The health minister’s comments come as Taoiseach Micheál Martin indicated to The Irish Independent that he “wouldn’t be afraid” to delay the 5 July reopening if NPHET advised as such next week.

A number of government sources said they were surprised at the Taoiseach’s comments as that was not the mood music at yesterday’s Cabinet meeting, where the plan for reopening seemed to be on track.

However, it is understood that following yesterday’s meeting, indications from public health experts was that a cautious recommendation was set to be given to the government next week when they meet ahead of Thursday’s Cabinet meeting.

“The writing seems to be on the wall from NPHET’s point of view”, said one senior source who added that the CMO told the health minister that he is worried about the variant, and that a few weeks deferral could prevent a rise in hospitalisations and give more time to get people vaccinated.

They added that that there was absolutely nothing definitive yet on delaying the reopening on 5 July.

Sources have said that such a decision would not be an easy one for government, stating that younger people in particular would be very angry at any delay.

Other government sources have indicated that they were rather shocked at the Taoiseach’s words this morning, stating that Ireland will be seen as outliers in Europe due to other regions such Northern Ireland, Scotland and Britain, as well as other EU nations, all having the dominant Delta variant, and who are able to carry on with indoor dining, while also accommodating thousands of people at large events such as football matches.

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They said the Taoiseach’s comments appeared to be teeing up NPHET to pull the break and held the view that Martin is being “overly cautious”.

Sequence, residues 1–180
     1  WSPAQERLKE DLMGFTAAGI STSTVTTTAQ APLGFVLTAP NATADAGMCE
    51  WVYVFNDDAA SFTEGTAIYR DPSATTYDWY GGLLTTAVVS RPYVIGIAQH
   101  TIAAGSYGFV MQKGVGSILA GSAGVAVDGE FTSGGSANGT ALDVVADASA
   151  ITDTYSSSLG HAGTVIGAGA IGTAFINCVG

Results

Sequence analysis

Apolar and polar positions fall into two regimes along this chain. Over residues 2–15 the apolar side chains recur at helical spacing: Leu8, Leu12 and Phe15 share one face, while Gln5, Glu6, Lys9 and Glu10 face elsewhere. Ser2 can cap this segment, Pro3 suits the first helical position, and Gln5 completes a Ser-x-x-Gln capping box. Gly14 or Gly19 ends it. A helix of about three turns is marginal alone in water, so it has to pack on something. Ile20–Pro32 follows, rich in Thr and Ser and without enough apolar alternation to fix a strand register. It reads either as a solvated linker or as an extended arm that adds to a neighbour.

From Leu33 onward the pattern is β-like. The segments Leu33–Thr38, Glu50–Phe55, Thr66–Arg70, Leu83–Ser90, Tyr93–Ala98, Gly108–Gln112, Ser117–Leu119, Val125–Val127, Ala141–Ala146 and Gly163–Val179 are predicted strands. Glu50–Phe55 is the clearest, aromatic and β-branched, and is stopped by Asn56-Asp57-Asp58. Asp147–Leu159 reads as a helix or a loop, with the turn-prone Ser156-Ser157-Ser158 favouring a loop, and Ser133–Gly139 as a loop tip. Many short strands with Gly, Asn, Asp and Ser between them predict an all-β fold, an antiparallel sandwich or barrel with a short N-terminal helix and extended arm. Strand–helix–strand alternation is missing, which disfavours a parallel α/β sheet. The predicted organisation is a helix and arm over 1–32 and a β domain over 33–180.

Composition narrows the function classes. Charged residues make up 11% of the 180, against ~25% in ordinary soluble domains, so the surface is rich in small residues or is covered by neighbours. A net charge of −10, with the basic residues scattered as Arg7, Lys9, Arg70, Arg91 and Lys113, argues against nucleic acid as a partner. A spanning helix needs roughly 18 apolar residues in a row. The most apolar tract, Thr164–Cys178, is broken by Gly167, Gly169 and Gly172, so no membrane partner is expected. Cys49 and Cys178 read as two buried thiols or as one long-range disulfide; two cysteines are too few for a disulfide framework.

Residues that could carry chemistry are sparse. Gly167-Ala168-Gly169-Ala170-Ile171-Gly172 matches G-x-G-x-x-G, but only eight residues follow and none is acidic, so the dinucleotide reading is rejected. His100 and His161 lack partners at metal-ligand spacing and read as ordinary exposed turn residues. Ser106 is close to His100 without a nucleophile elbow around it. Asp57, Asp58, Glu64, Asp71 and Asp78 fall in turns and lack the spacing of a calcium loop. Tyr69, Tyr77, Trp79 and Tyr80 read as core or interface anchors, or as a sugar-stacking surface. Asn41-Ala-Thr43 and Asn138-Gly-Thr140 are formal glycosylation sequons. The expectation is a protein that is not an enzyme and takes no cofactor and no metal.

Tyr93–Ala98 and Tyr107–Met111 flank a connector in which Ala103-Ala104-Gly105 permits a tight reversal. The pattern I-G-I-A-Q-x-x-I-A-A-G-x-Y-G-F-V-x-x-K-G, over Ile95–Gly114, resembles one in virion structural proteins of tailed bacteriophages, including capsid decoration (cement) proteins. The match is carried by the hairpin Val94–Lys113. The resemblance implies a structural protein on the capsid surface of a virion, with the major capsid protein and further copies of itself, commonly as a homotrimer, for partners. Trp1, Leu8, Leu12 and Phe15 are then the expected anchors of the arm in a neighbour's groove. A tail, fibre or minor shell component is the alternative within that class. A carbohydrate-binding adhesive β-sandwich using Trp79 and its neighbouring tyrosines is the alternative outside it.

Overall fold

“He’s certainly made it a lot easier for NPHET to advise to delay,” said another source.

They highlighted that NPHET recommended the 5 July date, and questioned if a delay of 2-3 weeks would only be for that time period, or would the health experts extend it further.

They said government would be reassured if the UK doesn’t end up in serious trouble in a few weeks, stating if they can manage the variant, and also have indoor dining and half full stadiums, we should be able to as well.

Travel

Meanwhile, Ireland has signed up to the Digital Green Certificate system and the country aims to adhere to European regulations around travel in the coming weeks.

Officials are said to be “working around the clock” to get the EU system up and running in time for 19 July, the date on which the government has said it hopes non-essential international travel can return.

The certificate will facilitate free movement of EU citizens during the pandemic in the European Union and European Economic Area countries such as Norway and Iceland.

A comprehensive campaign on the new EU Digital Certificate is expected to be launched by the government ahead of 19 July.

It is expected to outline that those who have been vaccinated, those who have received a negative PCR test result (or antigen test for some countries), or those who have had Covid-19 in the past nine months will be able to travel abroad. 

However, there are now concerns that public health experts will warn against resuming travel in July, with sources stating that they expect more mixed messaging on the issue.

Addressing the issue of reopening travel, Donnelly said this morning that it current government policy is that the EU Digital Certificate will include the three criteria noted above. 

However, he added that “as with everything with Covid, were we to get strong public health advice to the contrary”, it could be reexamined. 

Donnelly said the conversation about further narrowing the criteria for travel “isn’t currently happening”. 

“What we know is the Chief Medical Officer has raised his concerns from a public health perspective but government policy is all three criteria. If we get strong public health advice, obviously we will take that under consideration,” he said. 

With reporting by Christina Finn